As to the conduct of the court and counsel, the only harm that can accrue to a party by expression of an opinion by the court or counsel would be its impact upon the jury. In the instant case, the trial court directed a verdict and such alleged impropriety would be harmless. Kinney v. Youngblood, 216 Ga. 354 (3) (116 SE2d 608)
. Further, the comments and questions of the trial court generally related to rulings to and made by the court which involved discussions with counsel, particularly where the defendant was acting as counsel. We find no error in such discussion between the court and counsel. Ray v. Marietta Marine, 163 Ga. App. 690 (3) (294 SE2d 698)
; accord Bradley v. State, 137 Ga. App. 670
, 673 (224 SE2d 778
); U. S. cert. den. 429 U. S. 918.
On appeal, defendant has not raised the issue of the failure of the trial court to appoint him counsel. This issue has been abandoned. The question of how much defendant's wife had paid her lawyer had no relevance to any issue before the trial court. The defendant, appearing pro se, testified as to his knowledge of the issues before the court. His sworn affidavit, containing the same information, was not admissible as evidence. See generally Green, Ga. Law of Evid., 289, 115; 504, 226. The trial court's refusal to admit in evidence Georgia law on the issue of attorney fees is harmless error at most where the judge directs a verdict.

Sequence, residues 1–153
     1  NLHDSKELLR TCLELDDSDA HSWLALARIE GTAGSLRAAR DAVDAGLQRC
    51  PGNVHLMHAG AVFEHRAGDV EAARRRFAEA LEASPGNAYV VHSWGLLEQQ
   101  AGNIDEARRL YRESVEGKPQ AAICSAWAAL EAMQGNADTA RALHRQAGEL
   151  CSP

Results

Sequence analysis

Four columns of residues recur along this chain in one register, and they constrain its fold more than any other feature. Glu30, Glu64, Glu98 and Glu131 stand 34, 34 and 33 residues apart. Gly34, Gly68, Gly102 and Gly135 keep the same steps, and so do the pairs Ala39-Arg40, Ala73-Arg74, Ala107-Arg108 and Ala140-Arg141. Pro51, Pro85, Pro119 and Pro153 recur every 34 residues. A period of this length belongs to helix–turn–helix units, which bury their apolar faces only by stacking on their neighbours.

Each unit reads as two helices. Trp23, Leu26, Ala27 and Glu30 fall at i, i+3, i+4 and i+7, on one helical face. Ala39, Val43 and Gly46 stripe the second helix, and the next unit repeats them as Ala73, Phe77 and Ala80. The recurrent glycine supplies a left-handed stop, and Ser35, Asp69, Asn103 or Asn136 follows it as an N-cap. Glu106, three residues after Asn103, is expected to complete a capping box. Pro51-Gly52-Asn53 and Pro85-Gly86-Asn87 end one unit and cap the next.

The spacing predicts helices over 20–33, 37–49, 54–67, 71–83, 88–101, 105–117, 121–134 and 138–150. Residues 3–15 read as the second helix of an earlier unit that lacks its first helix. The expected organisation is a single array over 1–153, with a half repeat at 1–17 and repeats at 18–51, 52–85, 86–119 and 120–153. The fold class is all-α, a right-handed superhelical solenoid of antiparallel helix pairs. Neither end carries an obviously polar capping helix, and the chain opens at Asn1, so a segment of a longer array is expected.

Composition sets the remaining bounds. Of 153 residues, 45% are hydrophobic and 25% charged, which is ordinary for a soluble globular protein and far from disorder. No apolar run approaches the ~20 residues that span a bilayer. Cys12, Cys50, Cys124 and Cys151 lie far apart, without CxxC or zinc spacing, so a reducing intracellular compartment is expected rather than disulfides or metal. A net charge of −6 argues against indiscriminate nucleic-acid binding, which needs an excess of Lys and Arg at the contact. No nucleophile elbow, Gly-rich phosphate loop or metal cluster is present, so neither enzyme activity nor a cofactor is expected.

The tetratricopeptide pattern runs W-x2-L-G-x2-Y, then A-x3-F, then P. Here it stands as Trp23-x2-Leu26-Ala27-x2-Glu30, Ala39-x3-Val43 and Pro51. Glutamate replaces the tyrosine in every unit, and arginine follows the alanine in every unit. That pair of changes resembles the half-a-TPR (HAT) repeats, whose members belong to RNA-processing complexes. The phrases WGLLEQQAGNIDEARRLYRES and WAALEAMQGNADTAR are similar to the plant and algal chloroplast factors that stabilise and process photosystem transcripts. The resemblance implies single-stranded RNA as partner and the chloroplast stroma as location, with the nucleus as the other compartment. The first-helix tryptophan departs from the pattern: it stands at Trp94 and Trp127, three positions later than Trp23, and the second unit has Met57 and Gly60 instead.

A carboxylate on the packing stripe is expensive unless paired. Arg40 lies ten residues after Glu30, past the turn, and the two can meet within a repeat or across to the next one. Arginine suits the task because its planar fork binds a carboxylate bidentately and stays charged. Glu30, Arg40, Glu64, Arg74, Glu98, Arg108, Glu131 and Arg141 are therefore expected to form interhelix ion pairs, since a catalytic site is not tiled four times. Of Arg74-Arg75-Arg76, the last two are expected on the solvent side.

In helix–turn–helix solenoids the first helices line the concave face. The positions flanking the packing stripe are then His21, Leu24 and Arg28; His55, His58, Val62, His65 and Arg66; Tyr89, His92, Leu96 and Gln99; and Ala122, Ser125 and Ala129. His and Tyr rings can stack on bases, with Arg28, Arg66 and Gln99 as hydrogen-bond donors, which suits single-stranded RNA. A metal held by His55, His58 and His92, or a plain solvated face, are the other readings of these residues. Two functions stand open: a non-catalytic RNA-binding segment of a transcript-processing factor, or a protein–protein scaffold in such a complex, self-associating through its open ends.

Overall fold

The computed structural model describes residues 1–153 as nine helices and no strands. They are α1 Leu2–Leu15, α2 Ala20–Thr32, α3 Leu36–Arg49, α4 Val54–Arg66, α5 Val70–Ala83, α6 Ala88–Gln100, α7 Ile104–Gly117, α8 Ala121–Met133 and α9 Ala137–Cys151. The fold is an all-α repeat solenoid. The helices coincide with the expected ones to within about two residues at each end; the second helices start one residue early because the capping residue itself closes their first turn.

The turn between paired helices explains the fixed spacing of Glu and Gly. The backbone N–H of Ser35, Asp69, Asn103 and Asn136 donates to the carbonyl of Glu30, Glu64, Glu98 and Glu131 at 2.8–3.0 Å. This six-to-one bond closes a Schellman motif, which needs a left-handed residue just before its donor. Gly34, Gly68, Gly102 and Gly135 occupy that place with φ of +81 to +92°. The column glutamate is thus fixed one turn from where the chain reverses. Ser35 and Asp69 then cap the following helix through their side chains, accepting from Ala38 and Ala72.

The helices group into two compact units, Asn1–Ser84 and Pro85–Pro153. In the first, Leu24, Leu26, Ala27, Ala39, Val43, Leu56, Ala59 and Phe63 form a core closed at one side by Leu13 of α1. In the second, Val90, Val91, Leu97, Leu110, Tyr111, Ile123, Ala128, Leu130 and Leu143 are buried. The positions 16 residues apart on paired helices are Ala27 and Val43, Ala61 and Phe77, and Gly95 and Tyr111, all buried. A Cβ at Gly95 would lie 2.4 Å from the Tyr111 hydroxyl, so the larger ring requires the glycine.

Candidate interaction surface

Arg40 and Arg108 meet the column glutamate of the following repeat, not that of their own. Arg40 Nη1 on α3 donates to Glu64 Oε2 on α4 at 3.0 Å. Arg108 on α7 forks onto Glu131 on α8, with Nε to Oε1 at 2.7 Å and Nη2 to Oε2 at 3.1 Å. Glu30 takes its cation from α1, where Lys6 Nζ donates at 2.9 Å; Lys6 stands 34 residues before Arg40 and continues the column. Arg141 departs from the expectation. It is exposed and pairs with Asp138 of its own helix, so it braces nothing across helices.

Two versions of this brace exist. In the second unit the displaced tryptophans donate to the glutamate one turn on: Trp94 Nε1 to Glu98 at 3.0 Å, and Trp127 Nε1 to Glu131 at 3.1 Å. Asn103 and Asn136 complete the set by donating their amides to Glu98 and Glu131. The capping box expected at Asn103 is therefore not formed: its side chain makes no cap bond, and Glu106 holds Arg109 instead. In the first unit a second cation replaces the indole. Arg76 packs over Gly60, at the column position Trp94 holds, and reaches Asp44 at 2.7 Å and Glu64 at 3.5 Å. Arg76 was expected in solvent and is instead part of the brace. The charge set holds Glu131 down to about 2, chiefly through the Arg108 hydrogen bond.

A review of appellant's brief shows it is more in the nature of argument as to the sufficiency or insufficiency of the evidence to sustain the judgment. Where there is no conflict in the evidence as to any material issue, and the evidence introduced, with all reasonable deductions therefrom, shall demand a particular verdict, such verdict shall be directed. OCGA 9-11-50
(a). Hence, a directed verdict would be proper only where there is no conflict as to a material fact and the verdict is demanded for the movant. Daniel v. Weeks, 217 Ga. 388 (122 SE2d 564)